• Quickly using up all the aspects of a promising concept through range extension is a method that hinders the entry of competitors. In the United States, and in Europe, the Snapple brand is surfing on the wave of so-called ‘New Age’ drinks and offers a wide variety of tea-based soft drinks. Dim, as we have seen, was quick to offer under one hosiery brand name a wide range of products covering different needs and satisfying distributors’ and customers’ expectations. In the agricultural market, it is possible to count the different kinds of Decis (the leader in insecticides) according to the type of plant, thus reinforcing the worldwide leader status of this brand.
  • Putting a name on a product in itself yields a uniqueness of offer and an added value that competitors will lack. All the giants of the chemical industry produce elastane, a fibre that makes stockings and foundation garments soft and shiny. On the other hand, only Du Pont de Nemours had Lycra, a fibre whose name in itself is used as a sales ploy by Du Pont and by all lingerie brands. Actually, Lycra was the trademark used by Du Pont to sell elastane. It is not the name in itself which added value to the fibre: it is 10 years of worldwide communication about the glamour linked to the Lycra name which gave the brand its exclusive attractiveness. The same strategy applies to Gore-Tex and Coolmax.
  • Controlling the relationship with opinion leaders is one of the key success factors for a brand looking to the future. Canson, a school-supplies brand which is part of the Arjomari-Wiggins group, provides an illustration. What is more natural than a sheet of tracing paper or drawing paper for a schoolchild? However, despite the share of supermarket shelf space given to DOBs’ drawing and tracing paper, only that of Canson sells. For more than 20 years the brand has developed a close relationship with teachers, for instance organizing drawing competitions between classes on a national level. The long-lasting presence of Canson on a child’s shopping list for school supplies is due to the excellence of what is now called relationship marketing. The main asset of Canson is its loyal teachers within the public education system.
  • Controlling distribution is also a major handicap for new entrants. McDonald’s will soon have 1,000 restaurants in France, and Quick, the second largest burger chain, will have 350. This sheer number closes the hamburger market off to competition. Mass-distribution brands also freely use this barrier to entry: by imposing their ownbrand on the shelf, they thus exclude manufacturer’s brands. The ice-cream maker Häagen Dazs does indeed control the market of upmarket ice creams through the provision of a high-quality ice cream and through a well-managed word-ofmouth campaign from opinion leaders, but most of all through its own exclusive refrigerator present in all supermarkets and hypermarkets.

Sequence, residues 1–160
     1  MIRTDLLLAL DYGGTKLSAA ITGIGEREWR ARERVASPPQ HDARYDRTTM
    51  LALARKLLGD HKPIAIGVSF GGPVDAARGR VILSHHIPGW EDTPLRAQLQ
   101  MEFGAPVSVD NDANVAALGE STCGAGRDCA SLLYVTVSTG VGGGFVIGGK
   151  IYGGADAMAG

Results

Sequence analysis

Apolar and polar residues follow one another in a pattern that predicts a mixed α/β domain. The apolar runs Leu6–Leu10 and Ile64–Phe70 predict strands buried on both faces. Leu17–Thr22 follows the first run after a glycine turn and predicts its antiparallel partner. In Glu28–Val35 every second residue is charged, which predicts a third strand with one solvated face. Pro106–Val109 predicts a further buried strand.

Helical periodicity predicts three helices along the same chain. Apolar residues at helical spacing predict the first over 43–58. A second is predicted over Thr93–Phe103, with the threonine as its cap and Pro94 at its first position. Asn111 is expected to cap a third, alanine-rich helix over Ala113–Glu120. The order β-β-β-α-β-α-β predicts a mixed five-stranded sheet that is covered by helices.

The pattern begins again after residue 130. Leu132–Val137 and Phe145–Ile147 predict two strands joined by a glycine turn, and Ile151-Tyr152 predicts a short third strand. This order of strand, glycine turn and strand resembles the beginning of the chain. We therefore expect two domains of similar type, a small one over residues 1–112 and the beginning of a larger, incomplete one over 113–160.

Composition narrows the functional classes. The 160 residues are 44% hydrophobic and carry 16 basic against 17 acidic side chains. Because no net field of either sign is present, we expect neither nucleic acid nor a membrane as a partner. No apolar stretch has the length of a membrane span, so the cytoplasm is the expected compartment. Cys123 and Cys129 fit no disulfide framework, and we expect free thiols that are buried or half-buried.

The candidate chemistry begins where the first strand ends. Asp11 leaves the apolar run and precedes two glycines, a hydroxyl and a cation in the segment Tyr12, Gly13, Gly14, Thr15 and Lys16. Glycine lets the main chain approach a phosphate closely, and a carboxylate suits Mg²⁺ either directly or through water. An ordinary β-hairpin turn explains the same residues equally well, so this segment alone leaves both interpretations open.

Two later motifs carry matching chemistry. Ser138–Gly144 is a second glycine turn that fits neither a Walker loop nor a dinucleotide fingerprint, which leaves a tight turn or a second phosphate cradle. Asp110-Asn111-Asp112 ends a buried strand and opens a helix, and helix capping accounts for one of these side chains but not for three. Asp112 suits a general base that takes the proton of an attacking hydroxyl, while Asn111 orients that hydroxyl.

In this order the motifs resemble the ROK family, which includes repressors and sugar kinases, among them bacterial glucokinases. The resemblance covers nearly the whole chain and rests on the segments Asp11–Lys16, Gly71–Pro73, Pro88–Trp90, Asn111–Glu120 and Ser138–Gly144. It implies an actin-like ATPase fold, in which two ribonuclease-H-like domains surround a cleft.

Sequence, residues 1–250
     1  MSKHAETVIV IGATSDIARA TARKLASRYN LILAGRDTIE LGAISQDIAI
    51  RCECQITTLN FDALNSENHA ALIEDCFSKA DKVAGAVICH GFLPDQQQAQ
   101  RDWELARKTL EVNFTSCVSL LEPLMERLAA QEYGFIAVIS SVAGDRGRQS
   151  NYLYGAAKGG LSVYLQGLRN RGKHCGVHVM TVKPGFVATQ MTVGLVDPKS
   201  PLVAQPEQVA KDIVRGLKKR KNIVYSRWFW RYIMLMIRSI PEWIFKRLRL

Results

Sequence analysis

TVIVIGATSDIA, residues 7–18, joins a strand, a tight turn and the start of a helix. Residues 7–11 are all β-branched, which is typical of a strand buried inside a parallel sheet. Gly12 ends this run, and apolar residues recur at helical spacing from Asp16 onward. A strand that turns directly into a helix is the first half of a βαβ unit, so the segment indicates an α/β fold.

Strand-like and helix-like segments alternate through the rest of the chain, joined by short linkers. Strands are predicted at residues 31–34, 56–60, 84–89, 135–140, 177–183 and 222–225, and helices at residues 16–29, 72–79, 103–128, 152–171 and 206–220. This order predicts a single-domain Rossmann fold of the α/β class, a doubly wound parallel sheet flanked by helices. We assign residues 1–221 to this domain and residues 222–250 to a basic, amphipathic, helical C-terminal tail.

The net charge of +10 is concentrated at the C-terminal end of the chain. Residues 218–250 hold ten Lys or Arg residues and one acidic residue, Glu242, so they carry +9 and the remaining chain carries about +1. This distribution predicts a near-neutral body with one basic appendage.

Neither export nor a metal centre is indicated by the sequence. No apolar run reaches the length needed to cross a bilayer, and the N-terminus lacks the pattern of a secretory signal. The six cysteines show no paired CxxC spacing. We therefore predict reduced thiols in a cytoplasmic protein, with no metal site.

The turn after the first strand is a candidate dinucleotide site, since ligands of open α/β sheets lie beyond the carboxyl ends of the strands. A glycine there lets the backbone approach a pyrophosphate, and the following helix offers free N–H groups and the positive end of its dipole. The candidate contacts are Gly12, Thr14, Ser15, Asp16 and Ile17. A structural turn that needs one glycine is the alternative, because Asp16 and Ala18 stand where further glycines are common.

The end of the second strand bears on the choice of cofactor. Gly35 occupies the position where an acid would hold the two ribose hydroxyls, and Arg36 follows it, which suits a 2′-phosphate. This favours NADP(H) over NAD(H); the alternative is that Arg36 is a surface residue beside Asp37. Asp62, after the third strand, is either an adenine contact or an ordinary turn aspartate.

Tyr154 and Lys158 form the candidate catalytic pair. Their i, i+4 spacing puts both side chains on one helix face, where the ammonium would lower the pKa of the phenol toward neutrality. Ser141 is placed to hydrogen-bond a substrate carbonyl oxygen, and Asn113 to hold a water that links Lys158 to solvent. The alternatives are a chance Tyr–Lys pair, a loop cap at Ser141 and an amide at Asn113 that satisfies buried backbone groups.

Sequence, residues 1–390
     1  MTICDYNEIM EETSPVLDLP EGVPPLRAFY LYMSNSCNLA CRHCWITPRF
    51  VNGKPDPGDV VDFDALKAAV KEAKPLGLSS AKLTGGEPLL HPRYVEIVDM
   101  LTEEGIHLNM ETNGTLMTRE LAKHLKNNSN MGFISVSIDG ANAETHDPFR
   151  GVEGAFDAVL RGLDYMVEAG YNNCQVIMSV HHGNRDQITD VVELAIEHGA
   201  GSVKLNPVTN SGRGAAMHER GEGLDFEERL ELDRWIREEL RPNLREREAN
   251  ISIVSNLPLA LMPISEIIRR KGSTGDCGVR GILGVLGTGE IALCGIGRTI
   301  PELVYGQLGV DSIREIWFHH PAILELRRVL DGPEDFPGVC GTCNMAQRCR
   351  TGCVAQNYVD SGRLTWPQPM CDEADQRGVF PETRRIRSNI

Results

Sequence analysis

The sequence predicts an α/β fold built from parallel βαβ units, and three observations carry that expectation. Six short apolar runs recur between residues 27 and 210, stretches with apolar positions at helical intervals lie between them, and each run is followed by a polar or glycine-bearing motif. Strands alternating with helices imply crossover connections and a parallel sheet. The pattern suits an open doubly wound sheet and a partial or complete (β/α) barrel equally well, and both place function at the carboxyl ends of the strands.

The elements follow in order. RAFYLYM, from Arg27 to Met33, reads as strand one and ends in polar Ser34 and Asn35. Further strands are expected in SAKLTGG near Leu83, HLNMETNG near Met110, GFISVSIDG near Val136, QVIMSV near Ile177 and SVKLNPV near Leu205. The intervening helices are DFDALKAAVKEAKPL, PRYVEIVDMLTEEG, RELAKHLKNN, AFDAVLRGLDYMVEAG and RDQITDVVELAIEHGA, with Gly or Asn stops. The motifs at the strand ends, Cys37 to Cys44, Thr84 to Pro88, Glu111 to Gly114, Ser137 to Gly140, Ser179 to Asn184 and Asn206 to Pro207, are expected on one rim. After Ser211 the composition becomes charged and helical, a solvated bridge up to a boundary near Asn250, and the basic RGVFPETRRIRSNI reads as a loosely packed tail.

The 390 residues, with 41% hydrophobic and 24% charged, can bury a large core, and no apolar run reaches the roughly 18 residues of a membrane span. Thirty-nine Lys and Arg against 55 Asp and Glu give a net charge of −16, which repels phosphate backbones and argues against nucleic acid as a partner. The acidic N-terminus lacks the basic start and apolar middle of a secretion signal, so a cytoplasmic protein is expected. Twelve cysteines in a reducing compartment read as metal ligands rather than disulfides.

• The last barrier to entry is based on legality.

The brand must defend its exclusive image against counterfeit products, models or signs. It should not hesitate to defend the exclusive character of its distinctive signs against imitations and distributors’ copycat brands. The latter, under the pretence that these are signs of the category, actually try to make their brands benefit from the value of signs developed by the leading brand.

The imitations of Coca-Cola try to get as close as possible to the red that Coca-Cola has with time associated with its quality. Beyond the deliberate sought-after confusion, which leads the customer, if he or she is not careful, to mistake the copy for the original, the similarity between the signs induces a perception of equivalence (Kapferer, 1995).

Just as Dior, Chanel and Cartier invest heavily in lawsuits against counterfeiter networks, the brands must sue imitators or, at least, state to them that they will tolerate no imitations or copying. From this point of view, the brands which from the start chose non-descriptive signs withstand the test of time and imitation better. The Orangina label is blue: it is not a generic colour and protects this orangeflavoured soft drink brand well.